NGR: SD 8967 6743. In 1964 Arthur Raistrick the author, historian and archaeologist, stayed at Malham Tarn House, in North Yorkshire, and whilst there he conducted a number of archaeological excavations in that area, one of which was a rectangular-shaped Dark Age “priest’s house” or a “hermit’s hut” located on Malham Moor above the Malham Tarn Field Centre. This structure and a similar one close by, were built from the surrounding Limestone, and at the edges of a circular feature that might be an Iron Age enclosure? or something else. There were a number of interesting finds from inside the hut which were of Celtic-Anglian design-work. But it begs the question – just what was a priest doing living in a stone hut on a bleak high ridge of the moor well-over 1,000 feet above sea-level – in what must have been an often weather-beaten existence, although maybe he withdrew down to lower ground in the Winter-time where there would be more shelter from the elements. Arthur Raistrick (1896-1991) also excavated some prehistoric hut circles and, a possible Medieval chapel site upon Chapel Fell, although this structure later proved to be only 16th century. Unfortunately, there is no direct footpath up to the site.
Raistrick (1972) tells us: “On Malham Moor and within a few hundred yards of the Tarn, at SD 897674, a building was excavated a few years ago to which the name of ‘priest’s house’ has attached itself, and the features of this may reflect one of the more permanent Dark Age huts. It stands on a high shelf of the hills, about 1,500 ft OD, with a magnificent view across the upper Airedale country and over the moors of Bouldsworth beyond. The house is a rectangular building 15 ft by 9 ft inside, with two slender partition walls, one cutting off a room 8 ft by 9 ft at the south end into which there is an entry from outside at the south-east corner. The narrower room is divided by cutting off 3 ft from the south end. The outer walls are remarkable, made of a double row of limestone boulders up to 6 ft long and 4 ft wide, set on edge, making the inner and outer faces of a 6 ft-wide wall. The space between the large stones is carefully packed with smaller limestone boulders, but no gravel. The natural limestone floor of the rooms was carefully levelled with small stones, then covered with a layer of calcareous marl from the near-by Great Close tarn. There was a small hearth in one corner of the larger room and a large stone placed as a footing for a central post to support the mid point of the ridge tree. If timbers had been footed on the long walls which were about 3 ft high, they could have met on a ridge tree supported at the ends and mid point by posts, and would give a height to the house of more than 7 ft. The end gables could be made up with a thick turf wall or with wattle screening.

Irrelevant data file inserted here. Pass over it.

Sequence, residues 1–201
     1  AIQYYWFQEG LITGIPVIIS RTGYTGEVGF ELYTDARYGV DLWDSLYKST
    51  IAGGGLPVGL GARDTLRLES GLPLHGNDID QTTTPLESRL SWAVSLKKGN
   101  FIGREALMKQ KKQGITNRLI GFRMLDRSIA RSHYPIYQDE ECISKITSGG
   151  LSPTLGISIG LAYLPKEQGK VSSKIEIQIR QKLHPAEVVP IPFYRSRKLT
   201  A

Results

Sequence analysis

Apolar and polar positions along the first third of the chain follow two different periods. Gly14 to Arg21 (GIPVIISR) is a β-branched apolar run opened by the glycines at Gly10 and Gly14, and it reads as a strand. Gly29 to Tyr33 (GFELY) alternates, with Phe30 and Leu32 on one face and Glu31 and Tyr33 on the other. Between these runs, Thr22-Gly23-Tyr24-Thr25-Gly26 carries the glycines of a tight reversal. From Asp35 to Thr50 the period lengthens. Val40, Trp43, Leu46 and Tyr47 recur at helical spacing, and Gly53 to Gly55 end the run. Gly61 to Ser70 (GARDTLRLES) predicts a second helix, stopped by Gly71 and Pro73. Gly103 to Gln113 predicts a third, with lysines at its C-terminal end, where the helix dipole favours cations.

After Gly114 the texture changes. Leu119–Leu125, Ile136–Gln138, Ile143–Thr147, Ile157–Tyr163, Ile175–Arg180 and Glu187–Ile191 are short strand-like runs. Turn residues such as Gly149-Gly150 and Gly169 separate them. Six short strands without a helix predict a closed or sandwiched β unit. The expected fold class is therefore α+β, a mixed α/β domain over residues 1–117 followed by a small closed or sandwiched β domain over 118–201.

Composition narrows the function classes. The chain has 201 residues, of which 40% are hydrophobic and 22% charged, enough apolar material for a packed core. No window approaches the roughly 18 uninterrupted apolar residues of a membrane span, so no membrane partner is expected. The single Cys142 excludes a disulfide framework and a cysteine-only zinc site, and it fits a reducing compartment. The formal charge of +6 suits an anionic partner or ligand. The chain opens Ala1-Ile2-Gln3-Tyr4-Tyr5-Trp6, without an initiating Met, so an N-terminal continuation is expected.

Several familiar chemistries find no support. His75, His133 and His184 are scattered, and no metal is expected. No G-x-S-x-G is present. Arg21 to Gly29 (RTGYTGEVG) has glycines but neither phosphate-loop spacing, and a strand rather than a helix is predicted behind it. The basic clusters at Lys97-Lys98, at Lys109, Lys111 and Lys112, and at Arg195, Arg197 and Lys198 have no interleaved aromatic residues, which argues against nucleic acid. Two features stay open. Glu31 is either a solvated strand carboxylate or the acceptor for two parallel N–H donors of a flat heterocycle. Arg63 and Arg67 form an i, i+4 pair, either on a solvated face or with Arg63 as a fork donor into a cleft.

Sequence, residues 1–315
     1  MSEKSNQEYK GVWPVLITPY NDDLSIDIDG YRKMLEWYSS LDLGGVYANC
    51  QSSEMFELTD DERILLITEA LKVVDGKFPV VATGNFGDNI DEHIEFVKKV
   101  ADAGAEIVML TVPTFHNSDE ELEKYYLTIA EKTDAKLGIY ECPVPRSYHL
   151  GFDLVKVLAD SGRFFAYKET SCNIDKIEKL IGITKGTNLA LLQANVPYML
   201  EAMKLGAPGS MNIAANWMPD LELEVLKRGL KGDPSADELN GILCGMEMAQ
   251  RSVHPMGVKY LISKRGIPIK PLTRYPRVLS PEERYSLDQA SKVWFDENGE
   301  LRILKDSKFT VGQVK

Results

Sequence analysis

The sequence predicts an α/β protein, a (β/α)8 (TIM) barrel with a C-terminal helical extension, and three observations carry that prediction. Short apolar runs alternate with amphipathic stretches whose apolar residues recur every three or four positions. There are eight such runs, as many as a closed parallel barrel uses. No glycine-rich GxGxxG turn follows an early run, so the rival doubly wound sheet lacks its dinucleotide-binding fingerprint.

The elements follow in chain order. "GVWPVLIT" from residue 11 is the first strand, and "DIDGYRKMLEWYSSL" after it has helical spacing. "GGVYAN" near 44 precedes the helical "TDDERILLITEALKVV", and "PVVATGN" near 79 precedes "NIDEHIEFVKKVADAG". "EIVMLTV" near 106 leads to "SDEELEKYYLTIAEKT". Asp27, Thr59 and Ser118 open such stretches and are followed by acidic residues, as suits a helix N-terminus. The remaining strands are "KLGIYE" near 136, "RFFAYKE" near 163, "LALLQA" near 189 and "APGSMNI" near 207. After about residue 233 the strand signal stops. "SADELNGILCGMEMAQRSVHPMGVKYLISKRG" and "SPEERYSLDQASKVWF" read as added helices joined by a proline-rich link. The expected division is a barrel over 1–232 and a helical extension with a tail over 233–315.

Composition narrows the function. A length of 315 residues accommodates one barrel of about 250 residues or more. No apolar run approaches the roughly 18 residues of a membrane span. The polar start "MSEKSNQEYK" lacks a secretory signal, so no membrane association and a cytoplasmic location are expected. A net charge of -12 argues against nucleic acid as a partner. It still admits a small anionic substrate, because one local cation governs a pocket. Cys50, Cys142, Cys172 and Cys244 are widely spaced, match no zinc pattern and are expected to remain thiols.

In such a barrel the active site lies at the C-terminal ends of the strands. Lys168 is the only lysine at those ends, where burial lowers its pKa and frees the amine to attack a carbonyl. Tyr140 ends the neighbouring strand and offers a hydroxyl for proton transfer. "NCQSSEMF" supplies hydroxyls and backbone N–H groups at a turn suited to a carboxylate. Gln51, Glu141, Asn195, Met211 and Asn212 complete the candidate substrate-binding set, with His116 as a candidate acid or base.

“Among the finds in the house was a cast bronze disc, head of a large pin, 1¼ ins in diameter with pierced ‘Celtic’ interlacing ornaments and traces of gold inlay, a simpler bronze brooch and buckle, and pieces of perforated bronze strip which could be the edging for a book cover, along with typical book ornaments. The house and material found in it are very like those excavated from the Anglian monastery which underlies Whitby Abbey. All this suggests that we have the little house of a seventh-or-eighth-century priest or hermit, but it was no doubt based upon prevalent tradition, built here in stone instead of timber.”
The priest’s house (site) is 300 metres (984 ft) north of Malham Tarn at the SE side of Malham Moor. The very beautiful Malham Tarn covers an area of 153 acres (619 square-metres) and it measures 1132m S-N and 1016m SW-NE. “Malham Tarn is Yorkshire’s second largest natural lake – the largest being Hornsea in East Yorkshire”, according to Eric Lodge. There is no direct path up to the site but a footpath at the edge of the tarn goes up further to the east towards Middle House.
Sources / References & Related Websites:-
Lodge, Eric (Compiler), The Yorkshire Dales Official Guide And Handbook, The Yorkshire Dales Tourist Association, Grassington via Skipton.
Raistrick, Arthur, The Pennine Dales, Arrow Books Ltd., London, 1972.
Copyright © Ray Spencer, The Journal of Antiquities, 2021.